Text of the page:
Since Botvinick and Cohen developed the Rubber Hand Illusion paradigm (Botvinick and Cohen, 1998), the study of self-representation has grown interest in the field of cognitive sciences. The way the bodily-self is represented becomes crucial for the interaction of the individual with the environment and with other individuals. Moreover, this relationship is not unidirectional, as this self-representation is updated with the information obtained from the interaction with external sources. By means of the sensory organs, the brain receives multisensory information that is used to update and change self- and other-representation constantly. Due to this plasticity the process is malleable experimentally, thus generating embodiment over fake body parts or full bodies (Botvinick and Cohen, 1998; Lenggenhager et al., 2007; Slater et al., 2008). The effect of these changes has not only been reported behaviorally, but also through neuroimaging studies using fMRI. It has been shown that changes in the representation of the self caused experimentally (i.e., rubber hand illusion, or full body swap illusion) cause changes in activity in multisensory brain areas, when compared to conditions in which there is no reported illusion by the subjects (Ehrsson et al., 2005; Petkova et al., 2011). The implication of these areas (i.e., premotor cortex, intraparietal cortex, and putamen) suggests the importance of the multisensory integration on the feeling of ownership.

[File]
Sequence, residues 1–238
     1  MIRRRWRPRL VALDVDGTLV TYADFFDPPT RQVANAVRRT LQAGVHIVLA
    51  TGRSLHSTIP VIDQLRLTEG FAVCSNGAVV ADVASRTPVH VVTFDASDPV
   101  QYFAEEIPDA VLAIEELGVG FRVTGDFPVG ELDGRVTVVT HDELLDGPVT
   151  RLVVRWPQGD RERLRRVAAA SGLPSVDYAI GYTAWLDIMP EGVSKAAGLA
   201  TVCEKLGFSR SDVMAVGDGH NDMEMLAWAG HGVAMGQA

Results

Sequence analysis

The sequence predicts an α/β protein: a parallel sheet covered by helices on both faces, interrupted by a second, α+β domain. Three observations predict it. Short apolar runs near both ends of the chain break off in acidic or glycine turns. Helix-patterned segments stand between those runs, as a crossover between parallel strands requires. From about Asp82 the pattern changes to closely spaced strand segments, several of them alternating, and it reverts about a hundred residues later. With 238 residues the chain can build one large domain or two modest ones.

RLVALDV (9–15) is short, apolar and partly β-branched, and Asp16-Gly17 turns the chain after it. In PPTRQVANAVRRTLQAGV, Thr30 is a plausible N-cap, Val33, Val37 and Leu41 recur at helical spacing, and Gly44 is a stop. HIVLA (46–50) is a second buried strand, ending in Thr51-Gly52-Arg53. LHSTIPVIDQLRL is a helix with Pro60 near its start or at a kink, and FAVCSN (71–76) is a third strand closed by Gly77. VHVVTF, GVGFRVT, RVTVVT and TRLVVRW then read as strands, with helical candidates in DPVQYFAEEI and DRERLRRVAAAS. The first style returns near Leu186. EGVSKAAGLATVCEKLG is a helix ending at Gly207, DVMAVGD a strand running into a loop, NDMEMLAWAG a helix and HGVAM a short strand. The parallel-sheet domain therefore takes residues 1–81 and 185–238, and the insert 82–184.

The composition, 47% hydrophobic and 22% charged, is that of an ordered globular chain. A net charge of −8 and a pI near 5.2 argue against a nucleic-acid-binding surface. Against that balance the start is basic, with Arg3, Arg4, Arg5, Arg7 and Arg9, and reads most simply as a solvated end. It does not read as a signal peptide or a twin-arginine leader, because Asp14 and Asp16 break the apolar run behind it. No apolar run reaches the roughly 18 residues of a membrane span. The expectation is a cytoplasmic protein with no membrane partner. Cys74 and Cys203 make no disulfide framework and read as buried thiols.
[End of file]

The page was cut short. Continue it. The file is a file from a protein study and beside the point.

More importantly, embodiment has been shown to be affected by neurodevelopmental disorders (e.g., autism spectrum disorders) and in several psychiatric and neurological conditions (see a summary in Table 1). Autism spectrum disorder patients have been shown to be less susceptible to feel ownership of a rubber hand (Palmer et al., 2015). Also, other experimental paradigms reported an altered sense of embodiment over the own body in the case of autistic patients (Conson et al., 2015), as their findings suggest that these patients rely less on one's own information to infer states over another person or external object. On the other hand, schizophrenic patients perceive other-generated actions as their own in a bimanual interference task, thus presenting an increased sense of agency (Garbarini et al., 2016). This could be due to an alteration in the comparison between estimation and actual sensory feedback of the action. Another case is the one of hemiplegic patients that can feel ownership over another person performing an action, even when the arm is in the position of the limb over which they have no control (Garbarini et al., 2015). Moreover, some dementias (e.g., frontotemporal dementia) can also affect patient's sense of ownership (measured by the rubber hand illusion) and sense of agency (using a test for the attribution of an action) (Downey et al., 2014). Interestingly, Alzheimer's patients seem to have a similar self-perception than their healthy counterparts, but with defects in the attribution of self- vs. non-self memories (Bond et al., 2016). Finally, anorexia nervosa causes profound alterations in body image perception (Keizer et al., 2011, 2012) and patients with Medically Unexplained Symptoms (MUS) also show defects in body representation (Miles et al., 2011).